With much of the world opening up, Brian Morrisey is thinking about post-pandemic shifts in the media business. Safely distant from the Delta variant in Miami, Brian sees a few things worth watching out for in the last half of the year.
The return of live events is top of his list, maybe because he’s going to Paris next week for his first in-person event since early last year. I’m moderating a podcast panel at The Publishing Show later this month and, like Brian, I’m very curious to know how it’s all going to work.
Other things to watch for include staff shortages and wage pressure; more consolidation; a revival of ad networks, especially those supplying context or working off first-party data; and (Oh God!) some serious cryptomedia projects.
What did you do during the great Internet outage of June 2021? Josh Benton at Nieman Lab points out some of the hacks publishers used to get around the 60-minute blackout, caused by Flatly’s CDN going AWOL. My favourite was Alex Hern designating his Twitter feed The Guardian’s formal liveblog for the duration.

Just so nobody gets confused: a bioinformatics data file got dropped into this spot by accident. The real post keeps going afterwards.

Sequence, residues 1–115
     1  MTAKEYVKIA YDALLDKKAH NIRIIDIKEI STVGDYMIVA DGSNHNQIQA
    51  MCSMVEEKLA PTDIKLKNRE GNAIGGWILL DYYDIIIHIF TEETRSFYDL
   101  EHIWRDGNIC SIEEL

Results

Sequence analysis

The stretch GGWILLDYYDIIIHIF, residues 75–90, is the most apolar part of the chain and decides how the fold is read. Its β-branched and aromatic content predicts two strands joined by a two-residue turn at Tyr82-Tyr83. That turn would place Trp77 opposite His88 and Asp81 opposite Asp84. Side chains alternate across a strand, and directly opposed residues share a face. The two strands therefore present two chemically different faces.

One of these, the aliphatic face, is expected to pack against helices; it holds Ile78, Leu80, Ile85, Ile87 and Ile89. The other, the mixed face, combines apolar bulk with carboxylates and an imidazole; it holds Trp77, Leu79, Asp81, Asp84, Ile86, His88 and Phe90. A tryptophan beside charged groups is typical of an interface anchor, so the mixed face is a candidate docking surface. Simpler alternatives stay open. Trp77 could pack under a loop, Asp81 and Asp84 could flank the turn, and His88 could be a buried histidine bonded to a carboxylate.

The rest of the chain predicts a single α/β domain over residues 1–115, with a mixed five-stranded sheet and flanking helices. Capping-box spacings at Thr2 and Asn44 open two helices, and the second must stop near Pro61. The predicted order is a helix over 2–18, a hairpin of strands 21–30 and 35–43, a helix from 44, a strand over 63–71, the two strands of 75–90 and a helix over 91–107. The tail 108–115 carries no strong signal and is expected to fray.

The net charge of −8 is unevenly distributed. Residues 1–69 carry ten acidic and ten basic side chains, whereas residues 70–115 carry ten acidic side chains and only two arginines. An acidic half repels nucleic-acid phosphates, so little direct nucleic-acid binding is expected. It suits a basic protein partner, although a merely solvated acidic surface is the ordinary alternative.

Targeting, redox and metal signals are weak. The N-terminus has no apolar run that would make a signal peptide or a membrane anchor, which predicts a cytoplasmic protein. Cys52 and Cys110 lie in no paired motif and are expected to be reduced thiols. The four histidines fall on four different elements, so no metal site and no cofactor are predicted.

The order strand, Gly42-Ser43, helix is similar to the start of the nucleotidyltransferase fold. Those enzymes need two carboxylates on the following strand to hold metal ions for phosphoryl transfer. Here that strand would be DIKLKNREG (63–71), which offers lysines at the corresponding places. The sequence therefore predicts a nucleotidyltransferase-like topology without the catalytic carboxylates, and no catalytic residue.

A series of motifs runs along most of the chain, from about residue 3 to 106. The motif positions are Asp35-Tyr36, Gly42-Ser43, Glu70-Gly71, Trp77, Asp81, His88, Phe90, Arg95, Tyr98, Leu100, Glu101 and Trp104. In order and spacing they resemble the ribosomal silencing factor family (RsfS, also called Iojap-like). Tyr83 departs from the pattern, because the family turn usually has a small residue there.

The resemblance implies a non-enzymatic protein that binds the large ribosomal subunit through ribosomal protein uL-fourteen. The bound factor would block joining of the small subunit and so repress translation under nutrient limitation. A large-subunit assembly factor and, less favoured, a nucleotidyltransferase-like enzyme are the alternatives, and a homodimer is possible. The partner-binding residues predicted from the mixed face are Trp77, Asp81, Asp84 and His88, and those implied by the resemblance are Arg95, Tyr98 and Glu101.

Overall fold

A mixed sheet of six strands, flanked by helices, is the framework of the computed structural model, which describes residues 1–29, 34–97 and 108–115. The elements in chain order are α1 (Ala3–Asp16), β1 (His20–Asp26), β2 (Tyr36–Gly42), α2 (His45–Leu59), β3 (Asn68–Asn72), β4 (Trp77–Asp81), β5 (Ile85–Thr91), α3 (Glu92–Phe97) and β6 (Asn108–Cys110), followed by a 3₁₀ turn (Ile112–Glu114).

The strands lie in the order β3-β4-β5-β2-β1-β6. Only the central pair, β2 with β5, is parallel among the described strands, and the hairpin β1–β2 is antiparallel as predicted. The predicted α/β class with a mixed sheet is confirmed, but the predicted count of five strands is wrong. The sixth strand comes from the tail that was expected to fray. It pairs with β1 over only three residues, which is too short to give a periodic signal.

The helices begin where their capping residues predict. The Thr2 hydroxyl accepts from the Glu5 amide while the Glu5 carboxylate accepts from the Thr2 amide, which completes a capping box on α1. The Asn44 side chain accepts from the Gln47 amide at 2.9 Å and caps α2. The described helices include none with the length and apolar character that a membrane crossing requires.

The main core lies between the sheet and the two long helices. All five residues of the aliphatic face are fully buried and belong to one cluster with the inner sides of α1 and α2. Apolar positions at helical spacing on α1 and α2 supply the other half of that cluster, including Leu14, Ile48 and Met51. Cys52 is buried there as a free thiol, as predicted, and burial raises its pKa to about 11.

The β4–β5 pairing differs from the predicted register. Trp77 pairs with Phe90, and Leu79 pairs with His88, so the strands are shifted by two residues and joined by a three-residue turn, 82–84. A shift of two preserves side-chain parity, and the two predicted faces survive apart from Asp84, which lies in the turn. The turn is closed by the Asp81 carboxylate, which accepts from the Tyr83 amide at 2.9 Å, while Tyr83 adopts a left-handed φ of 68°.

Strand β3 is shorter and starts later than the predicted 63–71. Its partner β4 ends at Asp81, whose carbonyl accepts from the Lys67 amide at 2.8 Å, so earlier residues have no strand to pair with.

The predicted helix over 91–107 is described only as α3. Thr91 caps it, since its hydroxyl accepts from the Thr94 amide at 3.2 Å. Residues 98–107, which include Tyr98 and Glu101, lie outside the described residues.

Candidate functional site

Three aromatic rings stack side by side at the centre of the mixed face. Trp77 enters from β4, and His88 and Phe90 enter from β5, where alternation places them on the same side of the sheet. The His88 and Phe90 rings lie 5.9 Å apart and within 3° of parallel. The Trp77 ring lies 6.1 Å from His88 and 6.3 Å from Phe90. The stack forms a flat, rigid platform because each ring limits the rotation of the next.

The Byline Project comes from Black-culture publication Okayplayer working through the Google News Initiative Innovation Challenge to surface new voices from under-represented communities. The free digital tool helps smaller publishers reintroduce local reporting and connects storytellers to financial support from a broader digital audience.
Gizmodo is having a go at USA Today for putting its ‘financial needs before its integrity’. The newspaper’s crime was selling a front-page wrap-around ad for the Netflix ‘Sweet Tooth’ series about human-animal hybrids. There was a time when I’d have said, ‘Don’t be daft, no one would ever believe this is real’, but these days 🤷🏼♂️This content originally appeared in The Media Roundup, a daily newsletter from Media Voices. Subscribe here: